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on 19 April 2014
A higher price than standard close-up lens but eliminates distortion due to dual glass layers. Essential for enthusiastic close-up photographers
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on 9 July 2012
I have always loved macro photography. Since I purchased my first digital 'point and shoot' camera, I have enjoyed exploring the minute detail, often overlooked, that is present in everyday life. So when I eventually upgraded to an SLR, this was one feature that I was keen to explore.

I initially had 2 lenses for my Nikon D90; the versatile Nikon 18-200mm VRII for most situations and the excellent Nikon 35mm f1.8 for portraiture and low-light photography. While both are excellent lenses in their own right, neither are suitable for the extreme macro close-ups that I was hoping for.

I was therefore excited to read the glowing reviews from 2 professional photographers about this 'Close-Up Lens' from Canon, which, at 72mm, would fit on the front of the 18-200mm VRII. There were also several favorable reviews online from people who had used this combination. The general consensus was that, while this is by no means a dedicated macro, it was an alternative at a fraction of the cost that would achieve 'macro' results, while not taking up much room in a camera bag. After a prolonged and frustrating search, (this lens was not easy to find at the time!), I was delighted to eventually acquire one.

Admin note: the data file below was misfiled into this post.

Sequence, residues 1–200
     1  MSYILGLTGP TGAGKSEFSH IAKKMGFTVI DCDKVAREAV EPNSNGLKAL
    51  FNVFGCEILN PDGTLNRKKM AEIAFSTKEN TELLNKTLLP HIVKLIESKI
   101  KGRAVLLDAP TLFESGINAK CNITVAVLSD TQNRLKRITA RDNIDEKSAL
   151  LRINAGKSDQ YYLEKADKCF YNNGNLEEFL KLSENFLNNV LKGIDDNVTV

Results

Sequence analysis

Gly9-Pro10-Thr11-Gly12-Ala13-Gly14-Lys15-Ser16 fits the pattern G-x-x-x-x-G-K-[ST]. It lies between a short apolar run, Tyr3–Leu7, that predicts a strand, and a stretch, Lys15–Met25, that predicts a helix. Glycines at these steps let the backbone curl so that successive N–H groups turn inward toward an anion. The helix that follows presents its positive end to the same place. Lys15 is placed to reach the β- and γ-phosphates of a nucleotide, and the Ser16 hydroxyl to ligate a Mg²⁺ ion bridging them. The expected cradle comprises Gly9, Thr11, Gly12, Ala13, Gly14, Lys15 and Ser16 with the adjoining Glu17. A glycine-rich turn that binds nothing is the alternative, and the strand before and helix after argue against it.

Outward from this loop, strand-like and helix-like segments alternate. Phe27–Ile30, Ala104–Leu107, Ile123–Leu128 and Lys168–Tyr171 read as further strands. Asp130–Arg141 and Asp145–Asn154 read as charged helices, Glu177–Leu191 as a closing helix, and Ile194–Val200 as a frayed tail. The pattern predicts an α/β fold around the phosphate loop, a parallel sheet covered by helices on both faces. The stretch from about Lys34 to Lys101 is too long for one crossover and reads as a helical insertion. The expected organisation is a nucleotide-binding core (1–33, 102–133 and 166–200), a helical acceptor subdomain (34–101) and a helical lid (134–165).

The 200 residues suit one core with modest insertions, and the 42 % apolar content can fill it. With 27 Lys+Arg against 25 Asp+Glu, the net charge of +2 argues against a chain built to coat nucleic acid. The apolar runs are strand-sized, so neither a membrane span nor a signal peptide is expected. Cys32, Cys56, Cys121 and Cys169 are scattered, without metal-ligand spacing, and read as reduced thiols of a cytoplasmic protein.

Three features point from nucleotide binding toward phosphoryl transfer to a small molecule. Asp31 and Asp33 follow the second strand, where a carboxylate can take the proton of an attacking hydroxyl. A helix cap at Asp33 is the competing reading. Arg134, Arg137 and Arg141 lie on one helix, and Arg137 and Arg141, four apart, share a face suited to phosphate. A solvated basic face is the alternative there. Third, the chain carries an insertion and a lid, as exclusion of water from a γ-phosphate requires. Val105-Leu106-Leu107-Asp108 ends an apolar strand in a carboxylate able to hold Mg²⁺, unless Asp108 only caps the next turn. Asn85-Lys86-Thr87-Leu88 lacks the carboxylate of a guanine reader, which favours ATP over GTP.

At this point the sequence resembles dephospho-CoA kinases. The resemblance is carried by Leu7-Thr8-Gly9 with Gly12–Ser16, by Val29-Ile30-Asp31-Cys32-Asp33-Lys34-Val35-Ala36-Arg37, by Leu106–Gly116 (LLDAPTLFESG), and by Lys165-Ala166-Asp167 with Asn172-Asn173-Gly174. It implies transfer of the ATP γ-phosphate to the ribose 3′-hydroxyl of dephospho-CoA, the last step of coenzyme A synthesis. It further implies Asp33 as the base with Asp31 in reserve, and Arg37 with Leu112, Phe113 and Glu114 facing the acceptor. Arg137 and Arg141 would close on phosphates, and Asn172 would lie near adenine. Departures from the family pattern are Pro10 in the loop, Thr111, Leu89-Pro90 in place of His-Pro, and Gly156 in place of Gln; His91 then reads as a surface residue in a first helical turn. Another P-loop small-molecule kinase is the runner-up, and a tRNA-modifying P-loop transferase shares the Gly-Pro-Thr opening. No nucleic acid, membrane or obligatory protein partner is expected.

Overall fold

Unfortunately, my delight was short-lived. After trying out the lens for some time, I realised that while it does get you closer than the native lens, this was only by a modest amount. For example, if shooting the face of a 50mm diameter watch, with the 18-200mm lens alone, the watch face would fill approximately 75% of the frame. With the close-up attachment, the watch face would fit 100% of the frame, but one certainly could not zoom in any closer, for example, to make a number on the watch face fill the frame.

Disappointed, I re-sold the lens in favour of a true macro. Even the modest cost of the close-up lens couldn't really be justified as similar results could be achieved simply by cropping in post-production.